A few weeks ago, I attended my second roundtable discussion in Durham hosted by Orangutan Swing. (My first is covered here.) The beauty of their talks is that they gather people together without imposing a strong agenda and allow conversations to surface naturally. They just asked us to bring a personal totem and to be prepared to talk about work [or, to be more specific, they asked us to talk about "(re)Work".]. We don’t normally find a solution, but that’s not really the goal.
The process is what’s fascinating. Meeting the person sitting next to you. Seeing a table full of totems. Talking about work with total strangers. Finding sometihng in common that surprises you.
Here are a few observations from our second meeting:
The "see no evil" monkey in the middle of the photo, above, was one of the most popular totems. It represented different things for different people: anxiety over a new job, the pressure of starting a new business or the fear of leaving behind something familiar for something more undefined. During the course of the conversation, we realized that change has set up permanent shop in our lives and our workplaces.
Your work environment directly affects what you do.
We were sitting in a circular assortment of office chairs in Bull City Coworking, a new space that has high ceilings, lofts, closed meeting rooms and lots of light. We wondered what would happen to workers in a bank or investment firm if they moved to a more open, space. Would they panic over loss of privacy? Would they collaborate more? Would their pecking order and hierarchies become less important?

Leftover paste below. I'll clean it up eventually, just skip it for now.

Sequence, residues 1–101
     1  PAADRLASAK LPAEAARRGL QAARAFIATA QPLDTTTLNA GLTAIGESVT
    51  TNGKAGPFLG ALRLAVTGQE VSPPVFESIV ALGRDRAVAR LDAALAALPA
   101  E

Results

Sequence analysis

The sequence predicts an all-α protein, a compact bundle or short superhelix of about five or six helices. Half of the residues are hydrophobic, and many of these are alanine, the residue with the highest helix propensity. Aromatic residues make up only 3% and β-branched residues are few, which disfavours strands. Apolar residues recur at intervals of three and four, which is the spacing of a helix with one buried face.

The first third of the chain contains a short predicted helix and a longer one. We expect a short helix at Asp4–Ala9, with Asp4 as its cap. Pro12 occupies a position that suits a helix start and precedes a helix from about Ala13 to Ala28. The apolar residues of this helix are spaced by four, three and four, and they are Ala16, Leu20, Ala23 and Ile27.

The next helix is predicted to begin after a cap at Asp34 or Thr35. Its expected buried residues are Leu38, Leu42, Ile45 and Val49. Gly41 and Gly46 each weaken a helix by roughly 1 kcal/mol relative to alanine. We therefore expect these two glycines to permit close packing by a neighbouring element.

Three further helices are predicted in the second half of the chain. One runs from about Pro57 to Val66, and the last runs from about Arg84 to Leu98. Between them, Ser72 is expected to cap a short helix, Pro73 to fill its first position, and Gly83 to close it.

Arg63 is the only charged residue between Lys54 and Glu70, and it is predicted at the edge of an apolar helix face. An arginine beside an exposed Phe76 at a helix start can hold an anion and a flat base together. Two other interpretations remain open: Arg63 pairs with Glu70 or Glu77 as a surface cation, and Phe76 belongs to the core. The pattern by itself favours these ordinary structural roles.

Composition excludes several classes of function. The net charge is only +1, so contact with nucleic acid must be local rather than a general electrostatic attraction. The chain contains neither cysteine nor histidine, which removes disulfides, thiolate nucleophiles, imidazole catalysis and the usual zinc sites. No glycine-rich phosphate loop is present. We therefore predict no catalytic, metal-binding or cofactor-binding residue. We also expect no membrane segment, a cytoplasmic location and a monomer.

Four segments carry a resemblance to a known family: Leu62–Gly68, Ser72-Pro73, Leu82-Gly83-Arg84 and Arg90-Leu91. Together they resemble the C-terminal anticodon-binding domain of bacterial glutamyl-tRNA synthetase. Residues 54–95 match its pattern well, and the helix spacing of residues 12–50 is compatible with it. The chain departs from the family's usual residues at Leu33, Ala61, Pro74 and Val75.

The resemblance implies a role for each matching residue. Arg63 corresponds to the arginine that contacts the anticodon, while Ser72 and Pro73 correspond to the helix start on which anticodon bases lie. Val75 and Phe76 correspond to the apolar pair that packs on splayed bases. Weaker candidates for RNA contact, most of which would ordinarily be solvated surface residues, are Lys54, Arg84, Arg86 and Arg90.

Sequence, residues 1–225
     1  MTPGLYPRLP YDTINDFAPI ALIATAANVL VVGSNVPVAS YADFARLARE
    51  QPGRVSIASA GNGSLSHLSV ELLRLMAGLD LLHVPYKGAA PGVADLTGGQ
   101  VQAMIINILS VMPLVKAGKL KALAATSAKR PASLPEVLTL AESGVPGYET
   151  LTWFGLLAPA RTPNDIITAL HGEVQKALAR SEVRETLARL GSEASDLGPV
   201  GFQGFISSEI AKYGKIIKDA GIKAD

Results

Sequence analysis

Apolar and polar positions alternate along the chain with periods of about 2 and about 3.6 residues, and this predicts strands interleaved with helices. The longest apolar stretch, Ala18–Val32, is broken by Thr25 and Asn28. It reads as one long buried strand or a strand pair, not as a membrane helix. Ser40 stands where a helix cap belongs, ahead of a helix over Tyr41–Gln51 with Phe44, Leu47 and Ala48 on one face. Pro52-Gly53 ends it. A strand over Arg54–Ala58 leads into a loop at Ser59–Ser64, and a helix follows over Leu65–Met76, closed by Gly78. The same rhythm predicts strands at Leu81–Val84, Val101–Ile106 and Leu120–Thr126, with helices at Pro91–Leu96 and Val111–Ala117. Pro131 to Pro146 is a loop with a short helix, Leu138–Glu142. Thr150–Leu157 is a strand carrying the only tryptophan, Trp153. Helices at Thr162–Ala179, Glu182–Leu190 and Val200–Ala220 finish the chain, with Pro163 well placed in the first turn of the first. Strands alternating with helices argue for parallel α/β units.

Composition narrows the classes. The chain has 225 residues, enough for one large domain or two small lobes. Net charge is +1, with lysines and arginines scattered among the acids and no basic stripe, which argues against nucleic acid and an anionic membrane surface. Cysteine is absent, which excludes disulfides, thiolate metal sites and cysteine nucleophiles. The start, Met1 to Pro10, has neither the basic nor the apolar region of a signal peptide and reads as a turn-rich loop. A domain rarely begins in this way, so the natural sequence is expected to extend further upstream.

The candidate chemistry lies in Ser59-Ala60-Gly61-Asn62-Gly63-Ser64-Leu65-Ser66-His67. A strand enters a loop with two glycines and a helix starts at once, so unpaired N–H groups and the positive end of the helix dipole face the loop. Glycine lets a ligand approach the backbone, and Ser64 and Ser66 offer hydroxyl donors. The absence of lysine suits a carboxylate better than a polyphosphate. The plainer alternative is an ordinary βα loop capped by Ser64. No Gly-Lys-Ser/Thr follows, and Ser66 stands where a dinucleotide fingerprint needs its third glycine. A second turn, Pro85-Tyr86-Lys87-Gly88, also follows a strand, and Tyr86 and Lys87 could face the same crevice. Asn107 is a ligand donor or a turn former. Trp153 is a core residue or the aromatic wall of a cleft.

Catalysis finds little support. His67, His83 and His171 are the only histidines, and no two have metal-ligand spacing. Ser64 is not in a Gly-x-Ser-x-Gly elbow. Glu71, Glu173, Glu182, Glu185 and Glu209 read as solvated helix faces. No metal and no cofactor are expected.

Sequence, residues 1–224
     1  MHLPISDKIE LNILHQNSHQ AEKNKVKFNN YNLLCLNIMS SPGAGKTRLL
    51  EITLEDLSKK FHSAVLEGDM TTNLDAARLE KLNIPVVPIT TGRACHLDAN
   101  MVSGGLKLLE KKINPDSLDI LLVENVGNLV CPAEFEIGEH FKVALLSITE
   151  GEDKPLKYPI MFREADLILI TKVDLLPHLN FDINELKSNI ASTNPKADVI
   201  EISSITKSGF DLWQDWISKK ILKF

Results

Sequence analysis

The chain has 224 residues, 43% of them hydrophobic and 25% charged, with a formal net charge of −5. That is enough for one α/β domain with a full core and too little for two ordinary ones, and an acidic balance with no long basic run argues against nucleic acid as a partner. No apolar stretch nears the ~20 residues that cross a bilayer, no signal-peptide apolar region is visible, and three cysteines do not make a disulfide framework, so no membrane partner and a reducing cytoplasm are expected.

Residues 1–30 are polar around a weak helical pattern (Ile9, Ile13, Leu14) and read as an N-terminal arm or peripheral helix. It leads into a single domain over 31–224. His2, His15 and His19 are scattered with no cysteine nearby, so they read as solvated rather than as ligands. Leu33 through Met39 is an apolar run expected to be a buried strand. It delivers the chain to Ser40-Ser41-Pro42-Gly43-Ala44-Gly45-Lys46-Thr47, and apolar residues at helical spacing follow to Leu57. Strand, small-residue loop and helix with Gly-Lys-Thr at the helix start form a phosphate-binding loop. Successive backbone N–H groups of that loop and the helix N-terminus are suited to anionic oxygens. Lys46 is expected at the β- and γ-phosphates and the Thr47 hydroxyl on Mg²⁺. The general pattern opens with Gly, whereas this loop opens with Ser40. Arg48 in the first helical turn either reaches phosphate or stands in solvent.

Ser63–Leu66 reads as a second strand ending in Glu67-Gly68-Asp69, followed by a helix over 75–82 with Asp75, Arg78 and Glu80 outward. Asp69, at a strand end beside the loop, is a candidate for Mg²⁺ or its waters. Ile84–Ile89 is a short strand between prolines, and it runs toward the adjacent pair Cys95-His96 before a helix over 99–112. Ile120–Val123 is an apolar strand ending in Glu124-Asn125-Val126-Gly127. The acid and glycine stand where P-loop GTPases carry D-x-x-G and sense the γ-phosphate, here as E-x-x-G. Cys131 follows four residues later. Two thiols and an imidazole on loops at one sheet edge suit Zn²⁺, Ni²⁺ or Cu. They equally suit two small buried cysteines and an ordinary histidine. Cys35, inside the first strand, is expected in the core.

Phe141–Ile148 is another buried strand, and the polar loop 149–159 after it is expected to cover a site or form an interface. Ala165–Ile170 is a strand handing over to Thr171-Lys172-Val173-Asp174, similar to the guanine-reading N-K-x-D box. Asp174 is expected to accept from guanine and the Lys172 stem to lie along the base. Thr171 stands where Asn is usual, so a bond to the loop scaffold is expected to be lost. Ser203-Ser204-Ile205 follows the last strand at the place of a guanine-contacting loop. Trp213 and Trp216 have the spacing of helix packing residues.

My favorite quote from the session:
We’re not adapting to change, we’re aligning with it.
I loved this quote. Change can be really overwhelming. And it can make you feel powerless to stop it. The truth is, you are. Aligning yourself to change can be as simple as having a focus and sticking with it. When change happens, you only need to pay attention to how it affects your focus. When you are aligned with change, you aren't resisting it. And you aren't getting left behind, either.
The more diverse the group, the more you find you have in common.
This is a really good message for writers. We are typically given lots of research and target audience data and we sift through it for insights. I think we were pleasantly surprised to find common concerns or beliefs in our group. Our differences bring out nuances in writing. But our similarities are the real foundation for creating.
Thinking about it another way - the process of writing is the process of giving. And when we give, it helps to know what people actually want. Most people want to be respected, liked, challenged, informed, entertained and inspired. That's what we have in common. The nuances of the way we do that come from our differences.
Looking forward to the next roundtable.